Dr. Pierson’s method involves using plenty of litter so that the clumps of urine are almost always “suspended” in the box, so it minimizes opportunity for the bottom of the box to get soiled. The “tilt” method also enables you to ensure that you’re scooping the whole clump, rather than risking breaking it into pieces and contaminating the clean litter. Finally, it requires having a spray bottle on hand with a dilute bleach solution that you use to tidy up the sides as needed. What’s especially wonderful is how fast this method is particularly if you have the right tools on hand. I started using this method a few years ago and to my amazement, my litter boxes have never been cleaner. You could eat off the boxes in this house (well, almost). And for the first time ever, I find I’m not having to change the box completely every two weeks. There’s no need. My only gripe about Dr. Pierson’s method is that I didn’t think of it myself first.
If the litter box is not pristine, empty the contents of the box and follow up by scouring the box thoroughly with a non-toxic soap (I like to use Dr. Bronner’s castile soap) and rinse. Then rinse again. Then rinse again. Dry the box in the sunshine for a few hours.
Sweep up the area around the boxes on “litter change” day. If need be, wash the floor area with a diluted vinegar-in-water solution. Do NOT use harsh chemical cleaning products anywhere near your cat. Ever. In fact, be careful when selecting any cleaning products for use in a house with a cat.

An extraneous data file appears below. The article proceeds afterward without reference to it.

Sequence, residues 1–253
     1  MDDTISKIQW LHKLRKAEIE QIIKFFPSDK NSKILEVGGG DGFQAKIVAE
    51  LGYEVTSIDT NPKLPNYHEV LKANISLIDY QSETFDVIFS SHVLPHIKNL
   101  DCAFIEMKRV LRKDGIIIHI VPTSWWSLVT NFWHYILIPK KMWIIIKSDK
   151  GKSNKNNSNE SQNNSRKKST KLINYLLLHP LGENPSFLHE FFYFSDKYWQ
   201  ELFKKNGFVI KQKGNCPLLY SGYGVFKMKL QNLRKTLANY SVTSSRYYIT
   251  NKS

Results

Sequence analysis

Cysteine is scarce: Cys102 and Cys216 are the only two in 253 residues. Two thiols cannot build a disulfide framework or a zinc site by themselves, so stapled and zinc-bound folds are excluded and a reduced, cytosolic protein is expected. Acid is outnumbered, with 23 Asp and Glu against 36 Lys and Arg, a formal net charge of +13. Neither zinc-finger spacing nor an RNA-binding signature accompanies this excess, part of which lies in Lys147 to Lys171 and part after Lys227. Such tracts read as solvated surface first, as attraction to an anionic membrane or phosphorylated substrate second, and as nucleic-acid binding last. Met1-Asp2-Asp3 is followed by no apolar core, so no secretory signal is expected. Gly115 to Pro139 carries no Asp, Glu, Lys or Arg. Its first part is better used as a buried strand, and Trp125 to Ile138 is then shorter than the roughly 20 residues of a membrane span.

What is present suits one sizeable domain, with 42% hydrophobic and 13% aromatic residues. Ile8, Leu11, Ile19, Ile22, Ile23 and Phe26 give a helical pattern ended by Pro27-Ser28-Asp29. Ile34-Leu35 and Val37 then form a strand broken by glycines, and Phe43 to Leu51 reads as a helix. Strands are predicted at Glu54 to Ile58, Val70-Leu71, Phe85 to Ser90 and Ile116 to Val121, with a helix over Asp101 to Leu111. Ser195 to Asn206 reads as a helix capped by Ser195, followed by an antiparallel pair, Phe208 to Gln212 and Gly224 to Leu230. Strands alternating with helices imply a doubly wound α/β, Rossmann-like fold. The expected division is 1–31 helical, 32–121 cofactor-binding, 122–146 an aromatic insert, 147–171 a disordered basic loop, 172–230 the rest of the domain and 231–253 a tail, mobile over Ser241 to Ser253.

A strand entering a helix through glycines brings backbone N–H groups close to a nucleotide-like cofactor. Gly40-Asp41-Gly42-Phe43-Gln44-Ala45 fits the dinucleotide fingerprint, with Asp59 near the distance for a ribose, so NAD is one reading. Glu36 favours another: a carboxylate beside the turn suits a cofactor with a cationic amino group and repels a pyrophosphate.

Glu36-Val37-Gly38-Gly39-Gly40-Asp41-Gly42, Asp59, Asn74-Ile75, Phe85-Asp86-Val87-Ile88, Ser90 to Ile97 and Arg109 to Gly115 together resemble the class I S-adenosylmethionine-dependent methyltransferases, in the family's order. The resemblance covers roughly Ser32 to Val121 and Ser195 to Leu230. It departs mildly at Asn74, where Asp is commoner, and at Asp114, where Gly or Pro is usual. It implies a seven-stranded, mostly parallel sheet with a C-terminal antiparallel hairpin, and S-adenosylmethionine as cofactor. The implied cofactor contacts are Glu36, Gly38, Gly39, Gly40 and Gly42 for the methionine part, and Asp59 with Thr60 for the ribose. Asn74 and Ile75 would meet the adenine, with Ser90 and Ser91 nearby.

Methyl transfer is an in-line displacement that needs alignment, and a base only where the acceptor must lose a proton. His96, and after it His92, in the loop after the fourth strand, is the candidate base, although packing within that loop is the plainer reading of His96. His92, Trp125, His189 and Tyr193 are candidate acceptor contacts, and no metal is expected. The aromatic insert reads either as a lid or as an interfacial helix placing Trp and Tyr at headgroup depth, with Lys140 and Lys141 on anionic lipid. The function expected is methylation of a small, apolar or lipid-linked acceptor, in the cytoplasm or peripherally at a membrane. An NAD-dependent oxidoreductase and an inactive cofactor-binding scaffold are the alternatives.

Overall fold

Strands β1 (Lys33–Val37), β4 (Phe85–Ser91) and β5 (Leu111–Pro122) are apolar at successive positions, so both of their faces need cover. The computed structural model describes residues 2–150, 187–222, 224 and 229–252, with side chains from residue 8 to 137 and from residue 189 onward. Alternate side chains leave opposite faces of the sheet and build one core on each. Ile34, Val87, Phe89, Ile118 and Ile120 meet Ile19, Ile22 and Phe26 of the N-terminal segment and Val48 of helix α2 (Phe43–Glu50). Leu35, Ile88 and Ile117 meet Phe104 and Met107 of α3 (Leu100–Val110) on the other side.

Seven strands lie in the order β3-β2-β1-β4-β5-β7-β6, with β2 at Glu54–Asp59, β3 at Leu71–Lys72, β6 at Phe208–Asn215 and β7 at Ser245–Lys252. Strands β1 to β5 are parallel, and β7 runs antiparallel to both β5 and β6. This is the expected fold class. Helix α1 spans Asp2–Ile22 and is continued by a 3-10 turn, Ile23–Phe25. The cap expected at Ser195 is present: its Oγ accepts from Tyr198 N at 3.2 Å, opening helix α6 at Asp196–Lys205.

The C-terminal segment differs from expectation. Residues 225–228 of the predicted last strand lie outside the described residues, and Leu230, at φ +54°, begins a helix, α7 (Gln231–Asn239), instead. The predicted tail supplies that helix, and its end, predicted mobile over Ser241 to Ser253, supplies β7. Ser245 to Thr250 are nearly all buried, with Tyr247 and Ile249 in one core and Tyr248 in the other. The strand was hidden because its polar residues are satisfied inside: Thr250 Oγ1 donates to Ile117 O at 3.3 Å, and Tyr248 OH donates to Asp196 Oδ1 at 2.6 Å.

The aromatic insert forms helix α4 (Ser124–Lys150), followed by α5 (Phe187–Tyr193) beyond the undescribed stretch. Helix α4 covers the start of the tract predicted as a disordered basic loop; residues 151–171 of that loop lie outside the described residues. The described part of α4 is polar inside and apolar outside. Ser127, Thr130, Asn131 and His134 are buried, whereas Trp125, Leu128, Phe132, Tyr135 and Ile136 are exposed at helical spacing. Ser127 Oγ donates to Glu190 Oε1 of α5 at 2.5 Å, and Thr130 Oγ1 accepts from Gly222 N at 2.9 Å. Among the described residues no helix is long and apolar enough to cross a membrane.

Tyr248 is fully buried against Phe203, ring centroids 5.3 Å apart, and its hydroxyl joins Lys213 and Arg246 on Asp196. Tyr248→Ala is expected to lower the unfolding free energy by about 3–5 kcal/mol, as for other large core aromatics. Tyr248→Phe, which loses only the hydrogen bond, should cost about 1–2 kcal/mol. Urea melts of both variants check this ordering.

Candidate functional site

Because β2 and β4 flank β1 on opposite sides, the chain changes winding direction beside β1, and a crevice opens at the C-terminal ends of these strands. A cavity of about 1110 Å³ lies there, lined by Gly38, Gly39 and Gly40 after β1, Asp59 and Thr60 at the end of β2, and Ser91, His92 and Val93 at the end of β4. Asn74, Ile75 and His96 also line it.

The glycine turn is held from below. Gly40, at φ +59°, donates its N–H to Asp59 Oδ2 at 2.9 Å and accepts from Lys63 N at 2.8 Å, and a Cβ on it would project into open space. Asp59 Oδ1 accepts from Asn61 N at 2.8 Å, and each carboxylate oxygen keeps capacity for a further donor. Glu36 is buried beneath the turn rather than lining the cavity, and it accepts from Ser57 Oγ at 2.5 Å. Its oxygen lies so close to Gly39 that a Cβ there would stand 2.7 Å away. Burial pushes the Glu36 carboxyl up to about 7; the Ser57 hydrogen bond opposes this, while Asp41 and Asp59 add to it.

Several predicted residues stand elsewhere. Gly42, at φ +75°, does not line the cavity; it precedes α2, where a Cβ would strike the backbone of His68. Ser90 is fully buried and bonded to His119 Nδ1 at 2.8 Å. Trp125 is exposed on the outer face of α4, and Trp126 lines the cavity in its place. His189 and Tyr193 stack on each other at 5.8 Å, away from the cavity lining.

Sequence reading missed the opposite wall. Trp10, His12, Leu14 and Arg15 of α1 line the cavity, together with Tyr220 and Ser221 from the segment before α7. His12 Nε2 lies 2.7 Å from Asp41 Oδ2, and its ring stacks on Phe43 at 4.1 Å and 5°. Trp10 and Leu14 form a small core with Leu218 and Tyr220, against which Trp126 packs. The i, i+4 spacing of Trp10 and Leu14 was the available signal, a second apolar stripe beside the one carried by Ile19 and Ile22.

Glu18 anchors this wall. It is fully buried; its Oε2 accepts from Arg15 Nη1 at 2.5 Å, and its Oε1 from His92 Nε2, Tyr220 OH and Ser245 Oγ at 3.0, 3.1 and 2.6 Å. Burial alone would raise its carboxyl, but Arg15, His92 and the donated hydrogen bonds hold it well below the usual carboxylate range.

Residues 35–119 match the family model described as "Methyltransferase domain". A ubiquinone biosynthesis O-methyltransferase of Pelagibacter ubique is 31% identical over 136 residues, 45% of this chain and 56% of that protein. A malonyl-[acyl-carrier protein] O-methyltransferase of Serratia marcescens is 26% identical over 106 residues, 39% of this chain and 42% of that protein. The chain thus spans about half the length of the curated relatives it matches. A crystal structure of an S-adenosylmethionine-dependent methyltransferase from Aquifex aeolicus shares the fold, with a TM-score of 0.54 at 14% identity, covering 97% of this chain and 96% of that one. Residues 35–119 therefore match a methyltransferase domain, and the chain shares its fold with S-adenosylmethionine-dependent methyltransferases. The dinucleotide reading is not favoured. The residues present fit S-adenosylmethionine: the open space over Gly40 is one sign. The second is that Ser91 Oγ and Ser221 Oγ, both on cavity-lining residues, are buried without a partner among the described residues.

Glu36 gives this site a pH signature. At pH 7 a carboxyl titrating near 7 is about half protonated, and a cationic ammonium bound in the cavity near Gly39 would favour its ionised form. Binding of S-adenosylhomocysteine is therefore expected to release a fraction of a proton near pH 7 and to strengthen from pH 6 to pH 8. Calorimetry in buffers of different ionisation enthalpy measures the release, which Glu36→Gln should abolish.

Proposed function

Please don’t force your cat to suffer with a dirty box because you’ve designated cleaning it as your child’s responsibility. Yes, it’s wonderful to teach children what’s involved in caring for an animal, but children often cannot be trusted to maintain a litter box properly and leaving the box filthy as an “object lesson” for your child is terribly unfair to to the cat. Certainly none of the humans in your house will want to live with the smell. An adult needs to ensure that the box is clean, so if you’ve put your child in charge of the job and s/he falls down on the job? Then you need to take over.
If you keep up with it, we’re really not talking about spending more than two to three minutes of your time twice a day. I promise that it’s not a big deal once you get into this routine and stick to it. And for the at-least-twice-monthly method of emptying of the boxes altogether? That doesn’t take more than a few minutes if you have a nice big trash bag on hand and your soap, bleach, and rubber gloves nearby.
I strongly urge you to visit Dr. Lisa Pierson’s web page on litter boxes. It has some of the best and clearest advice I’ve ever seen assembled in one place on how to keep litter boxes spotlessly clean using a remarkably fast and easy method. Dr. Andrea Tasi also has some priceless tips on litter boxes on her site.
Remember: Keeping up with litter box cleaning every day is a very small price to pay to ensure your cat doesn’t start urinating or defecating where you don’t want her to.